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The Sunshine Cathedral, Jamaica's only gay church, gives parishioners a community, in secret.
Religion is a central aspect of life for nearly everyone in Jamaica, explained Griffin, “but if you are gay, you can’t find places to talk about the issues that you’re going through. It may be the issue of my relationship. It may be the issue of my partner dying. It may be wanting to adopt a child or having a child. Or it may the issue of how do I connect my spiritual soul to something greater than what I am?”
“Living in a closet is a soul-killer,” he said, explaining that until the Sunshine Cathedral was founded in Jamaica, gay men had no place to express their spirituality or to explore the meaning of their lives in an accepting environment. Instead, he said, if a gay man walks into any other Jamaican church and asks for help, the standard response is that they must give up their gay lifestyle and practices.
“Ministers here would be happy to counsel you on how to convert from your homosexuality,” he said. “They don’t want to talk to you about how to live your life as a healthy gay person or lesbian. They’ll tell you that homosexuality’s wrong, repent, and don’t live that life anymore. Well, asking me to repent of that is like asking me to repent of my eye color — I can’t change my eye color any more than I can change my sexuality. It’s part of who I am, and I go back to that I think it’s all a gift of the divine.”
Community building and spiritual healing, in this context, is no small task. “The first thing most people who come here want to know, is it OK to be gay?” Griffin said. “That’s the first question – ‘Am I going to hell for being gay?’” But changing fundamental beliefs is a complicated, long-term undertaking, even within the gay community. “A member of our congregation challenged me when we first came here and said, ‘We have been taught scripture was to be taken literally all of our years, and now here you come telling us to rethink scripture and look at it differently.’ And that was kind of a challenge for us, because how do we now help our congregation ... [to] read scripture for themselves, and help them to interpret it in a way that is helpful for them.”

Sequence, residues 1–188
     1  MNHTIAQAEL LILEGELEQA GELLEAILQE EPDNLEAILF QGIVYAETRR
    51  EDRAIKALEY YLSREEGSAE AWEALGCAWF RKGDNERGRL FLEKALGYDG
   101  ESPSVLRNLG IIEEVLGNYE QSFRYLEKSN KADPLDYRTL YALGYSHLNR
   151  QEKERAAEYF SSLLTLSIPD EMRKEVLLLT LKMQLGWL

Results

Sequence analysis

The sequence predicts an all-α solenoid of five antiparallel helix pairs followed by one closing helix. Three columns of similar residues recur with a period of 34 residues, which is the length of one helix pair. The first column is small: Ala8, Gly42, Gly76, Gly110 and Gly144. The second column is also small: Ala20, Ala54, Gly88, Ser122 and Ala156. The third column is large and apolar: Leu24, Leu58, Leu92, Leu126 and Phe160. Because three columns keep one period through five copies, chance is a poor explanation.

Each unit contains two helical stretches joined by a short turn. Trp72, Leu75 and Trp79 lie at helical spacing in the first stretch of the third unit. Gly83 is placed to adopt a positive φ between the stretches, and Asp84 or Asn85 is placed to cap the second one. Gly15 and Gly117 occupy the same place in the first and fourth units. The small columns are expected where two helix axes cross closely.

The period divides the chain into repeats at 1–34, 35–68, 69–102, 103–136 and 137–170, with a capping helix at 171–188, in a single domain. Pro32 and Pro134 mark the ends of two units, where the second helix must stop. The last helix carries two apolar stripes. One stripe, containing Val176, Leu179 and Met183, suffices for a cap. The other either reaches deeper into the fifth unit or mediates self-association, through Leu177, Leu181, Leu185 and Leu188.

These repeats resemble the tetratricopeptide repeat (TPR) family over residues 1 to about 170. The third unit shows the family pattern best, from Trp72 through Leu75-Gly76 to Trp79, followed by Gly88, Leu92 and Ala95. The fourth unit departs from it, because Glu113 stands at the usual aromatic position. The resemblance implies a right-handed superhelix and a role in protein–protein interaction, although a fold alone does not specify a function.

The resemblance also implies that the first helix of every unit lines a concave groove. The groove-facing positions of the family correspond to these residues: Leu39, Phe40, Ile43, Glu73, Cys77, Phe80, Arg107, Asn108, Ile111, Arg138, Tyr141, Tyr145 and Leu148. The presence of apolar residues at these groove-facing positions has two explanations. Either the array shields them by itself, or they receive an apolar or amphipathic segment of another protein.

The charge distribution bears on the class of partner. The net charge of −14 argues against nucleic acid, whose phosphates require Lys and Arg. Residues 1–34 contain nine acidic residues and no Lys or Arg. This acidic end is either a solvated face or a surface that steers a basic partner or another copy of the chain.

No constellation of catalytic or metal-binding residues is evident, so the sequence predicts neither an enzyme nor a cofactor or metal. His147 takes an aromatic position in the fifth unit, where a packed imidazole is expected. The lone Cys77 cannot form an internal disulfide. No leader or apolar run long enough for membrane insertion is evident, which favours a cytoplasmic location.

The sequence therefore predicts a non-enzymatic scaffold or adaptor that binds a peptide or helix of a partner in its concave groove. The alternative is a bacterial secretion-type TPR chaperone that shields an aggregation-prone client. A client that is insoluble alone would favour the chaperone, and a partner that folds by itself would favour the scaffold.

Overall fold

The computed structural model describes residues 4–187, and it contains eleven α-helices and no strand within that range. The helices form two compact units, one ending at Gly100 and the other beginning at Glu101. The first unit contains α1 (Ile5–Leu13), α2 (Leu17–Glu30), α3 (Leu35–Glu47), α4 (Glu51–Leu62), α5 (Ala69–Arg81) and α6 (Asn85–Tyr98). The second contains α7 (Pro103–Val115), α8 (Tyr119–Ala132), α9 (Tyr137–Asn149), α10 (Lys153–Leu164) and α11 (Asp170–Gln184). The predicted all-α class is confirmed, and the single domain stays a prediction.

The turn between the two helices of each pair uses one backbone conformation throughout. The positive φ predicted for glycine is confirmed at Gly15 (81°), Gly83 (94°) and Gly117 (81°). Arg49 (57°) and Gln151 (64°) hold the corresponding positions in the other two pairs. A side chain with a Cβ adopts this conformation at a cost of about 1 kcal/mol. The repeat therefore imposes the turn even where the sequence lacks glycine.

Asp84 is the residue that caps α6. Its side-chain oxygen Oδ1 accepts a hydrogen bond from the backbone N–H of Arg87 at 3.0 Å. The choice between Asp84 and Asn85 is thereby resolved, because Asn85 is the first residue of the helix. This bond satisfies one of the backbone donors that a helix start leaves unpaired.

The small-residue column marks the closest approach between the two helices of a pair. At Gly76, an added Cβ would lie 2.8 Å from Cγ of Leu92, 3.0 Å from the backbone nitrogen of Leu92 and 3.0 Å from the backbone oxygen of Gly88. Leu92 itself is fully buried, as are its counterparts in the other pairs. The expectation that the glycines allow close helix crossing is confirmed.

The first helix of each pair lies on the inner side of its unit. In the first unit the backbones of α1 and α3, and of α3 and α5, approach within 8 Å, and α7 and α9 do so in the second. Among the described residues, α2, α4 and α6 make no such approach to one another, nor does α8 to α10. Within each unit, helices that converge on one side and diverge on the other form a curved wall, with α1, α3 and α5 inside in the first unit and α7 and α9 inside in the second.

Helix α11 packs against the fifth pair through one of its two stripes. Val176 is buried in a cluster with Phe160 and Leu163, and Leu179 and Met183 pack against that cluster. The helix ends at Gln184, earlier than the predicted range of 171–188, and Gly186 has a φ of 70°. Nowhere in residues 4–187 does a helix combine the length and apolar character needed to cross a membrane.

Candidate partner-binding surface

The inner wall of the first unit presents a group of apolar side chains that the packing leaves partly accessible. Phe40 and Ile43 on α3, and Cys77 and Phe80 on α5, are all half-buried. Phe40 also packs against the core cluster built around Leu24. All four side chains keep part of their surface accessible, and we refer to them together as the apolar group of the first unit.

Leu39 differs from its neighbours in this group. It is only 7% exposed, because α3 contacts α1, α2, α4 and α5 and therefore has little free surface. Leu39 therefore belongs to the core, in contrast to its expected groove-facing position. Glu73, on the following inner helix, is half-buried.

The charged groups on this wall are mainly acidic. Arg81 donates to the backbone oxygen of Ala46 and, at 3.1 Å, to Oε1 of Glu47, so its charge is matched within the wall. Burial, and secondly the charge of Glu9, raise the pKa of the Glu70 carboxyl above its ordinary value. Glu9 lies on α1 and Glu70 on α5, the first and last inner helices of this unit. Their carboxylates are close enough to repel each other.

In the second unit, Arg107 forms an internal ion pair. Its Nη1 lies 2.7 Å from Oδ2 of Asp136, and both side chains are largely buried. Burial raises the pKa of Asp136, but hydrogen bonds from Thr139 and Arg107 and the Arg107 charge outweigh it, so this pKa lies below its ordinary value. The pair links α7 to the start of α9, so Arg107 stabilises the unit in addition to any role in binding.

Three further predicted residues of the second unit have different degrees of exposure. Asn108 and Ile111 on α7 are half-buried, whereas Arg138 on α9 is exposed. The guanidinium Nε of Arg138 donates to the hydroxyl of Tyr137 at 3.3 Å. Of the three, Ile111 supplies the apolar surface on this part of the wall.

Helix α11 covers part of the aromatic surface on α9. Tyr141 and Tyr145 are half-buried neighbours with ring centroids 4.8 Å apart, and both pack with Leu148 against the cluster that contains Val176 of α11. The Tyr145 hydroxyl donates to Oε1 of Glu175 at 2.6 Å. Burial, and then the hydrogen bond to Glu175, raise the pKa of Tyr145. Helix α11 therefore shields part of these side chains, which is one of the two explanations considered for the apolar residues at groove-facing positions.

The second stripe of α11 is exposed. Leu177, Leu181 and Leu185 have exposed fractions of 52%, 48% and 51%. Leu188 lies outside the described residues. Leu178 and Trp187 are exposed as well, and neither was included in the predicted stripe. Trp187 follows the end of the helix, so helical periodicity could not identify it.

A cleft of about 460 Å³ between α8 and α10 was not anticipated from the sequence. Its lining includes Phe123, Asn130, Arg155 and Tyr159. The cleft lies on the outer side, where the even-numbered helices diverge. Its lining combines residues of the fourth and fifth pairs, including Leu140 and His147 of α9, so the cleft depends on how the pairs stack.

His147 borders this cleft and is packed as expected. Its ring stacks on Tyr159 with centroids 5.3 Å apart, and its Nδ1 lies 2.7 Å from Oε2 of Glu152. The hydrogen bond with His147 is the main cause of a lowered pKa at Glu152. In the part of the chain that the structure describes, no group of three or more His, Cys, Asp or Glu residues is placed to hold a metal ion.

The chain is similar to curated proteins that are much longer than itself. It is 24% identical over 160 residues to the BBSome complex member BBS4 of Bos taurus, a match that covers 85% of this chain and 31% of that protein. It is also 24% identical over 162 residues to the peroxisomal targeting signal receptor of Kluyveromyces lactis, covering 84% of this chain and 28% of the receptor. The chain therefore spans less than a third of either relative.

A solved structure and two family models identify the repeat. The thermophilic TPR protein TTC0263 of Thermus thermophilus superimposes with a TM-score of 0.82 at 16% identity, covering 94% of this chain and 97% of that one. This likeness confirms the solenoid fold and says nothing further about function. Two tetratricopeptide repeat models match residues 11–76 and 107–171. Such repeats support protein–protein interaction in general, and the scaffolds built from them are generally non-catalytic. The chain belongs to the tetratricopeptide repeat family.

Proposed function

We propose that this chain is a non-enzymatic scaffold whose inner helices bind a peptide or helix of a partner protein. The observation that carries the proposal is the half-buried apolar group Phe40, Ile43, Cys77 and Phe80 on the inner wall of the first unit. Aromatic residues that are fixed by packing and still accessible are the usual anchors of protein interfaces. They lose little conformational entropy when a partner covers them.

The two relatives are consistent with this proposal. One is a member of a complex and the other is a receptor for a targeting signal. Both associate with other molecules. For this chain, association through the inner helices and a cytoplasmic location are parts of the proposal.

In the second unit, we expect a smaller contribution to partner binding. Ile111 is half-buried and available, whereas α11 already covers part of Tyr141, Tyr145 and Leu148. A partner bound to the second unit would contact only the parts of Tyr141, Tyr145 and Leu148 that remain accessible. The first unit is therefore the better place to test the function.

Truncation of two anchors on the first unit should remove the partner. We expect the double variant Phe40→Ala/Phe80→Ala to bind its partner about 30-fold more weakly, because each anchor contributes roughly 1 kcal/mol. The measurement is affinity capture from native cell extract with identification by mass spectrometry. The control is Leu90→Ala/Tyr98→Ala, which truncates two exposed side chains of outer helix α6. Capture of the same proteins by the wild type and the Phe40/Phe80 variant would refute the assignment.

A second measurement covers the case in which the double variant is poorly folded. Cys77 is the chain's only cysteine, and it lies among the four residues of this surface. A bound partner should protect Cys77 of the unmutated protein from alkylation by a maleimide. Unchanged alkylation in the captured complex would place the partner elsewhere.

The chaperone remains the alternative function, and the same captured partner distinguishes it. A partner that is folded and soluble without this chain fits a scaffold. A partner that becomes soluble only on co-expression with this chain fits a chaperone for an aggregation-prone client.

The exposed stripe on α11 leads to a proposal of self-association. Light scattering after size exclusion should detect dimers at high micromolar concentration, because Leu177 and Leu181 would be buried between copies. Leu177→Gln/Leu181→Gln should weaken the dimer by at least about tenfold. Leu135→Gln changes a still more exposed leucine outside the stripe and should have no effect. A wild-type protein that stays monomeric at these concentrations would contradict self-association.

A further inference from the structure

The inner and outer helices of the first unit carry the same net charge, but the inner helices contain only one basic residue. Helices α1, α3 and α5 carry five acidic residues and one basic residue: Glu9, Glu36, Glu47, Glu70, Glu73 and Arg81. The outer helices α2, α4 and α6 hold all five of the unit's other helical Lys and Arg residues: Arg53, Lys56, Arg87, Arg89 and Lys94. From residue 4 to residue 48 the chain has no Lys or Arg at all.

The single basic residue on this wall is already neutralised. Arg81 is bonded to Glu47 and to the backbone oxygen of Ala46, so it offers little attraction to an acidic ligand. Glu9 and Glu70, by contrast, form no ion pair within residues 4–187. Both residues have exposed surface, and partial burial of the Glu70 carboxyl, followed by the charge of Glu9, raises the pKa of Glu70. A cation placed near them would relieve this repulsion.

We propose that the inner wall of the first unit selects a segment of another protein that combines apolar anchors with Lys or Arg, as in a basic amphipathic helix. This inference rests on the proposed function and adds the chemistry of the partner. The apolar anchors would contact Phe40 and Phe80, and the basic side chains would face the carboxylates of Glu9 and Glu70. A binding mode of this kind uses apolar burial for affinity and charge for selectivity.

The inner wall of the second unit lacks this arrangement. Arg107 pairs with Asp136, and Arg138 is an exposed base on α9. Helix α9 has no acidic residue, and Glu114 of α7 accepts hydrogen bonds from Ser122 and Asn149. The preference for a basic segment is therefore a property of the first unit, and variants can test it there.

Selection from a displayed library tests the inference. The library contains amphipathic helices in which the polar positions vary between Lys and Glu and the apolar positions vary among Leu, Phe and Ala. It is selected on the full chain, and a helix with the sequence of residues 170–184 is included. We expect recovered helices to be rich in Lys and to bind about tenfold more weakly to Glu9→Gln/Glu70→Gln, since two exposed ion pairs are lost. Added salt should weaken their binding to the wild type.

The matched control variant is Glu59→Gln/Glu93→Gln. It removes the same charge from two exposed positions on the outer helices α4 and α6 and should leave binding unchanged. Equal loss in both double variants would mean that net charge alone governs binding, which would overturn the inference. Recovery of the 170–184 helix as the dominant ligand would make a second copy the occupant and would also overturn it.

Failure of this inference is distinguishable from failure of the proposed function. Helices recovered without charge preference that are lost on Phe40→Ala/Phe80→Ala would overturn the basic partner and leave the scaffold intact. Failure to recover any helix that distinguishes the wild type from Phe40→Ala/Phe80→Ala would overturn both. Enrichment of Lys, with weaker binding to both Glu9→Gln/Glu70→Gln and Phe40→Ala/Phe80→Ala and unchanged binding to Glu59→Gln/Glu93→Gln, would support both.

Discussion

Most of the gay men who come to the Sunshine Cathedral are deeply traumatized, Griffin explained. “They’ve been disowned by their families, kicked out of their homes, physically attacked and abused for being gay. So we’re dealing with the basic necessities of having to help a person rebuild their life all over again. And in that process, we are able to put them in touch with a larger community that says, 'You are going to be OK. It may not feel like you’re OK right now, but you’re going to be OK.'”
“I’ve watched this congregation grow over the past five years,” he said. “Before they had nowhere to go. Now they can come to a place and pray and most importantly be together. To come here in this sacred place, or wherever we are, and make that place sacred, make it holy, where they can sit in a worship service and comfortably hold their partner’s hand or their lover’s hand, and receive communion together as a couple, without condemnation. ... That is what we are offering to a hurting community that’s been hurting for so long.”